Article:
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Building A Community-Centered Clean Economy Event Materials

On February 13, 2023, Valley Vision hosted Building A Community-Centered Clean Economy, a hybrid event that acted as both the second Climate, Justice, and Jobs Summit as well as the Community Economic Resilience Fund (CERF) kick-off event.

The event featured a video from CJJ’s Community First Listening Series and a live Community Panel discussion that shared perspectives on effective community engagement and ways to remove barriers to accessing jobs. Our Keynote Speaker, Stewart Knox, Secretary of the Labor and Workforce Development Agency, kicked-off the CERF program by sharing the state’s vision for high road careers in a low-carbon economy and some of the strategies our region can utilize as we begin the planning process. His session concluded with a brief Q&A moderated by Valley Vision’s CEO, Evan Schmidt and transitioned into her presentation on next steps and upcoming opportunities for our region’s CERF efforts.

View the Recording & Slides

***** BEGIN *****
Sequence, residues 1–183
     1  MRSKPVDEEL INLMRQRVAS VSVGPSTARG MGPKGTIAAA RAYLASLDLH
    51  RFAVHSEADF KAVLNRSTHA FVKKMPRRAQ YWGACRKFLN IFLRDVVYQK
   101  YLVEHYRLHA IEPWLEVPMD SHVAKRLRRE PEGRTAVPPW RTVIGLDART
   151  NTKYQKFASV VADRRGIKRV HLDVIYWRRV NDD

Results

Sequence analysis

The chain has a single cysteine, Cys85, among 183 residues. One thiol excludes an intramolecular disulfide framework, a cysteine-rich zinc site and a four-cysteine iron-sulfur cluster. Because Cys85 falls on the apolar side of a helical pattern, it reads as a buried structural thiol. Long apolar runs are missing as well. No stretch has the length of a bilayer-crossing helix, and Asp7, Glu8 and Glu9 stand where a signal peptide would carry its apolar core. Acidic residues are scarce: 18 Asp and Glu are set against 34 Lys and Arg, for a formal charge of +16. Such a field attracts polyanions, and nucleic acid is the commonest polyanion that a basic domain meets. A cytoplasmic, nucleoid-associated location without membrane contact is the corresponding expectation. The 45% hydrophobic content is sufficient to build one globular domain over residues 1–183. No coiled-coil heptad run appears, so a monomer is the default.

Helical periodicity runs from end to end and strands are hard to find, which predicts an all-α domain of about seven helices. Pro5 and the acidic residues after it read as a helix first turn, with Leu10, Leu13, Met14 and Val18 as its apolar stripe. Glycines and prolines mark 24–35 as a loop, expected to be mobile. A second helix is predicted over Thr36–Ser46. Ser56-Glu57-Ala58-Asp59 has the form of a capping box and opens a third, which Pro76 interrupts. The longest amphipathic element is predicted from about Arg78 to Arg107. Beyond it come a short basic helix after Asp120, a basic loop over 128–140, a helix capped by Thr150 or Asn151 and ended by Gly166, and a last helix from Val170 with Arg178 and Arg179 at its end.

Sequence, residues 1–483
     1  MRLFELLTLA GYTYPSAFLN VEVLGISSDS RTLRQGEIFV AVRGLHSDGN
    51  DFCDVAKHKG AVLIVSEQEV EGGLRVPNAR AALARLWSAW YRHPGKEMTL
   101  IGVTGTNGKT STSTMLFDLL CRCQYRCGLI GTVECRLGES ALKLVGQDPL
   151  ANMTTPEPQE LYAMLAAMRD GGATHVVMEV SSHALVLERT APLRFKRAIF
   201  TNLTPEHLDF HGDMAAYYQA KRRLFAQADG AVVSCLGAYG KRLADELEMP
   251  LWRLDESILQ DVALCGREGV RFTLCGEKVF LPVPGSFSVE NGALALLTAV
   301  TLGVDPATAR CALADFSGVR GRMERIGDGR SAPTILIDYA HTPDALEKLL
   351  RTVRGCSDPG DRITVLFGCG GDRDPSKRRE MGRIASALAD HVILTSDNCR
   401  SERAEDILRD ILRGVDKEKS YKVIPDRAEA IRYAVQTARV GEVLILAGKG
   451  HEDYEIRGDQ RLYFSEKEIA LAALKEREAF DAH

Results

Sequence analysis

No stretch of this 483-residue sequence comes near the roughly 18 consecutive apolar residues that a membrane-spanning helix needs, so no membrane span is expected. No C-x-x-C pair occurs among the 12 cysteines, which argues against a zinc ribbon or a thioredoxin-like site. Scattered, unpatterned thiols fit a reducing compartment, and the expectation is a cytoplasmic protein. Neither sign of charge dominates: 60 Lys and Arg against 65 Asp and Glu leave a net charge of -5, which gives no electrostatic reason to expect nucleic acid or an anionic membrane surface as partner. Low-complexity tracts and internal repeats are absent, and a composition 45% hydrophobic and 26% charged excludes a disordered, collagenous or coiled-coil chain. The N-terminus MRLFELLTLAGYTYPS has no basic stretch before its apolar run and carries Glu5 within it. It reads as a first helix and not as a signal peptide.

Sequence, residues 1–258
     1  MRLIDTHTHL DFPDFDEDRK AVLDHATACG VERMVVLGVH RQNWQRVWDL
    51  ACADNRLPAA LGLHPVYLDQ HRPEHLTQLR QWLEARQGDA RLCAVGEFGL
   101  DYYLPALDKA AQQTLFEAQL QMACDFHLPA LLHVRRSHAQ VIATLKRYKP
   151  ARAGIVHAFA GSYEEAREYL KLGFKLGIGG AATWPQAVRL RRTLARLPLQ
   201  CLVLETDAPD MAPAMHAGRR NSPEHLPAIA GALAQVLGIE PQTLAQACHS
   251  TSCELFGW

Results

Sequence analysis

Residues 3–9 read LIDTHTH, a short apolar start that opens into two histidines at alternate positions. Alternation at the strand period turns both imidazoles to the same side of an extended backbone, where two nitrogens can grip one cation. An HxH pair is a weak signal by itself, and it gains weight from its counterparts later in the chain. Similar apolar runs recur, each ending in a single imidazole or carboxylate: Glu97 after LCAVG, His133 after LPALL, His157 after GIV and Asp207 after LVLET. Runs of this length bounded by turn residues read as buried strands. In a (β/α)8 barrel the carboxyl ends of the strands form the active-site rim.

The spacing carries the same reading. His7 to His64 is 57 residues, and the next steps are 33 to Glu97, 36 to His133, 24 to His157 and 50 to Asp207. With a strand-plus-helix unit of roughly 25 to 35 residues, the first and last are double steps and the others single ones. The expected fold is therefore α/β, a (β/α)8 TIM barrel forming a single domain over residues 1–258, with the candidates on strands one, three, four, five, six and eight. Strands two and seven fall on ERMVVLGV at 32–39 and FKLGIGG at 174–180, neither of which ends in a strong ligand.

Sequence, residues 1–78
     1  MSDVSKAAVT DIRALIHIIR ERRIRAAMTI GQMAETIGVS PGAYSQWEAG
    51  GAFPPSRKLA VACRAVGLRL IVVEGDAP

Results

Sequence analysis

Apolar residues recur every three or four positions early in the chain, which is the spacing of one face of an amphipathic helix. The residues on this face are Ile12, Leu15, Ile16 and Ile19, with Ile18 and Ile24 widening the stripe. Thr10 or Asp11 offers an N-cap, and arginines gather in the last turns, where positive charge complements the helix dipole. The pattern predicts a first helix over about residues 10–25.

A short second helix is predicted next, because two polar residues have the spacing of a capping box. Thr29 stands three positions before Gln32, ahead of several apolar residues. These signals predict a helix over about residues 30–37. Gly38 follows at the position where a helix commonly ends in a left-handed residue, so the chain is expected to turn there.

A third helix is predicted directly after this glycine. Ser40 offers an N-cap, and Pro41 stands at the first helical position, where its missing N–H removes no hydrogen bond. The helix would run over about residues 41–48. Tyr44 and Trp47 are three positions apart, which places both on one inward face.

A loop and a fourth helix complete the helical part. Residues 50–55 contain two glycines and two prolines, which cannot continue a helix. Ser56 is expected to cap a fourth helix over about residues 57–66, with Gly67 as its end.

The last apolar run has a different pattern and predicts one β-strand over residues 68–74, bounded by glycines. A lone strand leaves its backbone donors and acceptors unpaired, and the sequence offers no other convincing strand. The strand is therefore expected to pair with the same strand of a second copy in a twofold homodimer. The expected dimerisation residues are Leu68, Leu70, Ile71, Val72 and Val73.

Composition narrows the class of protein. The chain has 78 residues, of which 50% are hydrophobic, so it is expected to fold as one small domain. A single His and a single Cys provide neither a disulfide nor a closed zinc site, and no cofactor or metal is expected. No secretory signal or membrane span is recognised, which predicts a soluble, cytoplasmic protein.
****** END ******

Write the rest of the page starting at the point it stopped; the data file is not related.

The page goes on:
Want to follow along with the slides? Please download the event slides here.

Community First Listening Sessions Highlight Video

During the event, a video was shared of previously held Community First Listening sessions across Sacramento, Yolo and Placer counties. The video was a great way to show off the work of the Climate, Justice, and Jobs program as well as set the tone for the community panel that followed.

Community Panel Main Takeaways

Panel members expressed a clear need to meet people where they are. From youth to experienced adults, panel members discussed a lack of understanding of clean economy careers.  Targeted outreach, engagement and education strategies need to be developed with specific populations in mind considering verbiage choice and modality of communication.  Examples given included youth primarily using online platforms to access resources and information, and older adults benefitting from clearing houses to help them navigate the same.  Another description of this disconnect was the lack of education and training provided to incarcerated individuals in the clean economy and other viable industries to prepare them for immediate, gainful employment post-release. 

Another clear imperative of the panel was to support organizations already doing the work. Nonprofit and grassroots organizations on the ground, in neighborhoods and working with specific, high barrier populations can reach these individuals more effectively. Additionally, these organizations frequently provide more holistic services, meeting basic needs including housing, transportation and other supports to enable historically underserved community members to take advantage of training and employment opportunities.